Interview with Obama's Foreign Policy Adviser: 'Each Side Has to Do More'
Susan Rice is senior foreign policy adviser to Barack Obama. In an interview with SPIEGEL, Rice discusses Obama's upcoming visit to Europe, how it might be received in the US and how Obama intends to strengthen US-European ties -- and commitments.
Susan E. Rice is the senior foreign policy adviser for US presidential candidate Sen. Barack Obama.
SPIEGEL: Critics say the trip is nothing but a PR stunt to strengthen his foreign-policy credentials and that he has only rarely been to Europe before.
Rice: Senator Obama has travelled to Europe, Africa, the Middle East and South Asia many times before. He lived in Asia. He bows to nobody in his understanding of this world. This trip will be yet another opportunity for Senator Obama to exchange views with the leaders of countries whose partnership is critically important to US national security.
Rice: Americans understand that our security is enhanced when the United States is trusted and respected in the world. Unfortunately, our standing in the world has diminished in the last several years. This has hampered our ability to work cooperatively to confront global challenges. Americans are hungry for change both at home and in our relations with the rest of the world. Barack Obama represents a dramatic departure from the policies of the last eight years. There is no downside to Americans seeing the promise of change manifest both domestically and internationally.
SPIEGEL: Many expect Obama to promise "tough love" to the Europeans -- more listening, but also more demands.
Rice: To deal effectively with critical global security challenges will require a greater commitment from both sides of the Atlantic. We cannot afford a least-common-denominator approach. Both America and Europe will have to do more to uphold our respective responsibilities in the context of true partnership -- whether the issue is climate change, halting Iran's nuclear program or securing Afghanistan from Al-Qaida and the Taliban.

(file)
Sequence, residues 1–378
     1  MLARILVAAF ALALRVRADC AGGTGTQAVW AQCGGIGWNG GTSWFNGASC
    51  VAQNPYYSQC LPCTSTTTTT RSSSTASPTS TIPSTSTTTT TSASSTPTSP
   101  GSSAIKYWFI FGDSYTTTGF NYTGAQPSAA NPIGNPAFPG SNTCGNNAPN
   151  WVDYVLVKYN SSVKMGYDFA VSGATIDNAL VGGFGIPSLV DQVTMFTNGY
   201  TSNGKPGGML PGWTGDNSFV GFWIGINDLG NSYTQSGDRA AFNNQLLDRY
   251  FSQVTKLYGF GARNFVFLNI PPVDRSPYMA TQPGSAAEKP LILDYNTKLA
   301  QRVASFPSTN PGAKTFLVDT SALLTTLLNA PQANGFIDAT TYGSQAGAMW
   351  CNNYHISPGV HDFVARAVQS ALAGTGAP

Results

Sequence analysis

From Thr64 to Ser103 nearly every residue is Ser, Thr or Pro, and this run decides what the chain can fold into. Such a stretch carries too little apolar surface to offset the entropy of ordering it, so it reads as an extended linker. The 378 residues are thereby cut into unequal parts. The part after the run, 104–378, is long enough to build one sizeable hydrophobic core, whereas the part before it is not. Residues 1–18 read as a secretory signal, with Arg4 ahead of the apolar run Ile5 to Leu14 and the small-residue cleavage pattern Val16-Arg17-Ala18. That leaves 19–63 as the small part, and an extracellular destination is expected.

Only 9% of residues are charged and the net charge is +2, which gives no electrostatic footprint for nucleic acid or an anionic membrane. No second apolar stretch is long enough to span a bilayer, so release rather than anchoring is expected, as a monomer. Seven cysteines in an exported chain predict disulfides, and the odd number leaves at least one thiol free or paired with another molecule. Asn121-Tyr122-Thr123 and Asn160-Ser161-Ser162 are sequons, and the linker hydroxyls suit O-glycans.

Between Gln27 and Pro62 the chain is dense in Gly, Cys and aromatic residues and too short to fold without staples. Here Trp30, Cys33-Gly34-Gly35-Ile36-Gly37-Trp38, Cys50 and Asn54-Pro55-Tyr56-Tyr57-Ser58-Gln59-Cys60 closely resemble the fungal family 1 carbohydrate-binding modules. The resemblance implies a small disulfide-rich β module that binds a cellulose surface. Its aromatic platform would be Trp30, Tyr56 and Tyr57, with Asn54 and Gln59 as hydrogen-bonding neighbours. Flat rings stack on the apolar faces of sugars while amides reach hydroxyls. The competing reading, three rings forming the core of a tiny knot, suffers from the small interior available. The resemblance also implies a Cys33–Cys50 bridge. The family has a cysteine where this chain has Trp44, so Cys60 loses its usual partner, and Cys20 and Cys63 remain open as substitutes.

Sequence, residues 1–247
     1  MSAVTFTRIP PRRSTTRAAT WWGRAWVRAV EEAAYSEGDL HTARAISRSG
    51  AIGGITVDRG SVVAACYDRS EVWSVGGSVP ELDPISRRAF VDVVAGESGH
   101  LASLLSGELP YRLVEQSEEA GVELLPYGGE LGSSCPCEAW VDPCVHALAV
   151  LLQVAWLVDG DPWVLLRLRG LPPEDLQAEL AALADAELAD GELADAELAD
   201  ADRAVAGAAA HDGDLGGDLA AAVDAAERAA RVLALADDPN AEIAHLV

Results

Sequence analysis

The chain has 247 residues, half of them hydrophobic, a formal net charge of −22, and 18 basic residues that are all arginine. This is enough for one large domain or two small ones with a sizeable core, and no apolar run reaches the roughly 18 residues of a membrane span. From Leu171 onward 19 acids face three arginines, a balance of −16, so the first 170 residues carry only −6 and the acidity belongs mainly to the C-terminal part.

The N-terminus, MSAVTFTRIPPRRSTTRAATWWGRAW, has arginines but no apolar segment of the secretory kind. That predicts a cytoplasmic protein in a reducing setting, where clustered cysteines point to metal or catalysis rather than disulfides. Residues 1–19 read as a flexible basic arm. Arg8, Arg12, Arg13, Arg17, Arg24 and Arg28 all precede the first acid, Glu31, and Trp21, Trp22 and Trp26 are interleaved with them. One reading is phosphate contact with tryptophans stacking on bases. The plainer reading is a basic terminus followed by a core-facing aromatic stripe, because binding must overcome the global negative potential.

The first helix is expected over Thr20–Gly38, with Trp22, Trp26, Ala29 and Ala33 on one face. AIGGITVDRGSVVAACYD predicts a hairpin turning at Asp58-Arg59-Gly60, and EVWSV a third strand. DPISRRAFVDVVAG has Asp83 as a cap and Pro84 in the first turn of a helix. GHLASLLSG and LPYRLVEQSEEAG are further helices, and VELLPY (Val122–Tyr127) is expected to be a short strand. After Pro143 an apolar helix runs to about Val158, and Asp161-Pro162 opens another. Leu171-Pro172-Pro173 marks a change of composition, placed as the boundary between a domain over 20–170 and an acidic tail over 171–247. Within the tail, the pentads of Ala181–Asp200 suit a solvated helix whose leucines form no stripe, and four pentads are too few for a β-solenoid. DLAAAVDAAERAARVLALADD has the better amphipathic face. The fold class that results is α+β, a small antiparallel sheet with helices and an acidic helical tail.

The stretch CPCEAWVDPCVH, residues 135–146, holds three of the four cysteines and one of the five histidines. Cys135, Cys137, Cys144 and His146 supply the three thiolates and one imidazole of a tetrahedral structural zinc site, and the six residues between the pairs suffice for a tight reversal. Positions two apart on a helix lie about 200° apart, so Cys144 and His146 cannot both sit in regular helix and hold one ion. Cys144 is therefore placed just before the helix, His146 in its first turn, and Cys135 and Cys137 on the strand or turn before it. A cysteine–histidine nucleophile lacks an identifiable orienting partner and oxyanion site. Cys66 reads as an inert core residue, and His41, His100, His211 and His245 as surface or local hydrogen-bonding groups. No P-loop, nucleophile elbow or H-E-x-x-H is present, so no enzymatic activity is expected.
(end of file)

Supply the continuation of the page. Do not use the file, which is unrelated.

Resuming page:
SPIEGEL: What would be the major change in trans-Atlantic relations under a President Obama?
Rice: Obama would proceed from a fundamentally different premise than has been the case in recent years. Obama does not perceive Europe in terms of "old" versus "new." He thinks it would be counterproductive to kick Russia out of the G-8. He sees the world as more complex than simply good versus evil. He recognizes that we can only deal effectively with global challenges if we have 21st century partnerships that work -- partnerships based on shared values, common security and mutual respect, in which everybody does their part and pulls their weight.
SPIEGEL: You said Europeans have to "pull their weight." What would that mean exactly in terms of their contribution in Afghanistan? More troops?
SPIEGEL: Would that lead to disillusionment with Obama in Europe?
Rice: We must be honest in acknowledging that neither Germany nor the US has the luxury of assuming that we can skate by on half-measures in Afghanistan and Pakistan and not risk suffering the consequences.
Interview conducted by Gregor Peter Schmitz.
Stay informed with our free news services:
© SPIEGEL ONLINE 2008
All Rights Reserved
Reproduction only allowed with the permission of SPIEGELnet GmbH
MORE FROM SPIEGEL INTERNATIONAL
German PoliticsMerkel's Moves: Power Struggles in Berlin
World War IITruth and Reconciliation: Why the War Still Haunts Europe
EnergyGreen Power: The Future of Energy
European UnionUnited Europe: A Continental Project
Climate ChangeGlobal Warming: Curbing Carbon Before It's Too Late